Allegany Communications Sports

Uh-boy …

In a matter of seconds – 12 to be exact – the Baltimore Ravens’ season came crashing to an end in a flashing turn of events that essentially proved to be a microcosm of the entire frustrating season that is now mercifully over.

In the fourth quarter of a 17-17 NFL wild-card game, the Ravens, who had actually played quite well once they survived the first quarter, were once again knocking on the door with their second first-and-goal inside the Cincinnati Bengals 5, when on third-and-goal from the 2-yard line, quarterback Tyler Huntley, who was playing his best game in relief of injured quarterback Lamar Jackson, attempted to leap the pile to extend the football over the plane of the end zone.

The ball was knocked loose, though, and Cincinnati defensive end Sam Hubbard caught it out and ran 98 yards for a touchdown, the longest fumble return touchdown in NFL playoff history. Tight end Mark Andrews gave chase before finally getting blocked in the back (no call) and, despite Baltimore having three more possessions, the Bengals were on their way to a 24-17 win to end the Ravens’ season.

Ravens coach John Harbaugh said after the game that the play wasn’t executed well and that Huntley was supposed to go low on the play, rather than over the top. Huntley initially thought he’d cleared the goal line, but replays showed that he wasn’t really close.

The Ravens had first-and-goal for the second time in as many possessions in a 17-17 game, but never scored again and lost the game and their season because of it. Missed opportunities, mental errors, questionable clock management and atrocious play-calling, that has become the standard, all played out on Sunday night like a broken record and the Ravens are evermore holding a big bag of nothing to show for their troubles.

Up to that point, Huntley had played well, the defense had played well and the running backs, the strongest position on the team, were finally intact for the most important game of the season and played well.

Running back J.K. Dobbins finished with four receptions for 43 yards and a touchdown and rushed for 62 yards on 13 carries. The Ravens offense had 10 plays from inside the 5-yard line and Dobbins got one touch (no carries) of those 10, and scored a touchdown. He should’ve gotten more, as he volunteered himself after the game.

“(Huntley) should never have been in that situation,” Dobbins said of the play that will live in Baltimore sports infamy. “I should be the guy. I’m tired of holding that back. I’m tired of that. Twelve (carries), it’s the playoffs. I’m tired of holding that back. Let’s go win the game. I’m tired of that.”

So are thousands and thousands of Ravens fans. If you build an offense based on the running game, how is it that you rarely (or in this case, don’t) use your very best running back in the most critical of circumstances?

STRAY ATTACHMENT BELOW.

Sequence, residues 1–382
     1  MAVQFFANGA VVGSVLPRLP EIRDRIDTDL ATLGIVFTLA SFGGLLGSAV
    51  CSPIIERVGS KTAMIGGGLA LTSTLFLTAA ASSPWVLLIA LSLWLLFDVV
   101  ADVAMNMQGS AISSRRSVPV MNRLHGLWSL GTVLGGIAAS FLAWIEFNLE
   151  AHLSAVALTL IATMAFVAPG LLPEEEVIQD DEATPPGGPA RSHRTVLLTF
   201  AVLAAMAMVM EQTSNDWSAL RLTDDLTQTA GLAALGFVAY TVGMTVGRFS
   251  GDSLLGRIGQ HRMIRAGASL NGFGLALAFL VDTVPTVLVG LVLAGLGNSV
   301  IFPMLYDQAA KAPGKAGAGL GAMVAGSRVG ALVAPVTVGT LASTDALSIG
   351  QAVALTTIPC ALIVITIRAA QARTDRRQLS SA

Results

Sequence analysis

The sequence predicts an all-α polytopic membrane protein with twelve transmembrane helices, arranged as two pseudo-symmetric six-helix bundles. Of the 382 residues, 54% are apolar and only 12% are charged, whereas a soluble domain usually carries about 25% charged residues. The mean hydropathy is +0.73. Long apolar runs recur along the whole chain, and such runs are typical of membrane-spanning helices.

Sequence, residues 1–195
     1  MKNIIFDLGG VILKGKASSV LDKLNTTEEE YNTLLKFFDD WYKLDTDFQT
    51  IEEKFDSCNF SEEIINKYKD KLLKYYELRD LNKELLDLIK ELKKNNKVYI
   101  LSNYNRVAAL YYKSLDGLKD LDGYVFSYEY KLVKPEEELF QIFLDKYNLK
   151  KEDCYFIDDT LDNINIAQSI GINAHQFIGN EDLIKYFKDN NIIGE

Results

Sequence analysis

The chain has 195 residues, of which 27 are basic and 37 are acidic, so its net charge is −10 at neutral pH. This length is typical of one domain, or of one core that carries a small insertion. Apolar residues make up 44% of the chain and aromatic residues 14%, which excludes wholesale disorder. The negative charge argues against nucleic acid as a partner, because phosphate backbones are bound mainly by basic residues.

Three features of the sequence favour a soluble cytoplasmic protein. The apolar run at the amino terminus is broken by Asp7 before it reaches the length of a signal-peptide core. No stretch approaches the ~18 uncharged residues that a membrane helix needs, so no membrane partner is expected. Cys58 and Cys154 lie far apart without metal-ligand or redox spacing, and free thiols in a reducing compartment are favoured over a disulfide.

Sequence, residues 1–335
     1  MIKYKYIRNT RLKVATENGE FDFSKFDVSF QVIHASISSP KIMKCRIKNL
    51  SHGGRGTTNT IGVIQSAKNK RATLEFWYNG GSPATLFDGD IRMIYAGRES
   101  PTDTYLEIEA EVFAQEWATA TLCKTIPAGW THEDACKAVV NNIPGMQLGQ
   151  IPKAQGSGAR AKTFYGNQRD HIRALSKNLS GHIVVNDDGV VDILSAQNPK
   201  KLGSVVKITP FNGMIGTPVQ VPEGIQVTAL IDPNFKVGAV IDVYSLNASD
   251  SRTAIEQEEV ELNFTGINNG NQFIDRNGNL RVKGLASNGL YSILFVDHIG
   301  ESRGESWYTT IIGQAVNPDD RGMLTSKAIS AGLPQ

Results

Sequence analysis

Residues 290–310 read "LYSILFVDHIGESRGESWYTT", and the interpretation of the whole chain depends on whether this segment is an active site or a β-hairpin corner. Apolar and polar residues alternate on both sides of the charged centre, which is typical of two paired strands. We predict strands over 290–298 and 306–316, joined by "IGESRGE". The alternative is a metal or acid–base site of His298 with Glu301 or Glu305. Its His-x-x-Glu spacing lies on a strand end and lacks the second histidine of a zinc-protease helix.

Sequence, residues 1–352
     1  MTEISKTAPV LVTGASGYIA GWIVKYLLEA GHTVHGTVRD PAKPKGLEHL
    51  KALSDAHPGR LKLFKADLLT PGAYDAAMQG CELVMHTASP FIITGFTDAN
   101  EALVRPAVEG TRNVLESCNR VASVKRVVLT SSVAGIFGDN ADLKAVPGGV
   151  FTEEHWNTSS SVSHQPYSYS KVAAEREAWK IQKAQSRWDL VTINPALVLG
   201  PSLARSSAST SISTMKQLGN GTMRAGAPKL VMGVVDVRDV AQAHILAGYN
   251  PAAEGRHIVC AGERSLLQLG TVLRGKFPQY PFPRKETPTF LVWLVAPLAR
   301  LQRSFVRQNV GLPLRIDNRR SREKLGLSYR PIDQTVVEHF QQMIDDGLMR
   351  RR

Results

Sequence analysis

The Ravens are now the second team in the last 15 seasons to lose a playoff game in which they rushed for over 150 yards and allowed fewer than 250 yards. The only other team to have achieved this dubious feat was the 2020 Ravens against the Buffalo Bills.

Change is on the way. There is no way there won’t be change, not after this one, which put the big bright purple bow on the package that was the entire 2022-23 season.

How much change and what changes? Is offensive coordinator Greg Roman gone? Likely.

Is head coach John Harbaugh on his way out? Very unlikely, unless owner Steve Bisciotti (and won’t it be interesting to hear what he has to say during his annual postseason State of the Castle?) lays down changes in operation that Harbaugh just won’t accept.

Again, that is unlikely to happen, but Bisciotti can’t be pleased here. After all, this ain’t the first time he’s seen this movie.

Has Lamar Jackson played his final game in a Ravens uniform? Impossible to say, although this time, whether it is fair or not, it finally feels as though that could be a possibility. And, frankly, it does feel rather unfair if you want to know the truth.

Only the coaches, the training personnel and the Ravens players inside the Castle know where the truth lies here, and from what cornerback Marlon Humphrey, defensive tackle Calais Campbell and offensive tackle Ronnie Stanley, among many others, have said, Jackson’s injury and his struggles to rehabilitate it are real.

Only time will tell. The Ravens have until March 7 to sign Jackson to a new deal or to franchise him for next season and then proceed from there, whether that be the status quo or to put together a trade.

Other than that, just about everybody else within the Castle, who will be deemed eligible for a career change, is on the clock. This time, a very fast-moving clock.

Say like 12 seconds?

Mike Burke writes about sports and other stuff for Allegany Communications. He began covering sports for the Prince George’s Sentinel in 1981 and joined the Cumberland Times-News sports staff in 1984, serving as sports editor for over 30 years. Contact him at [email protected] and [email protected]. Follow him on Twitter @MikeBurkeMDT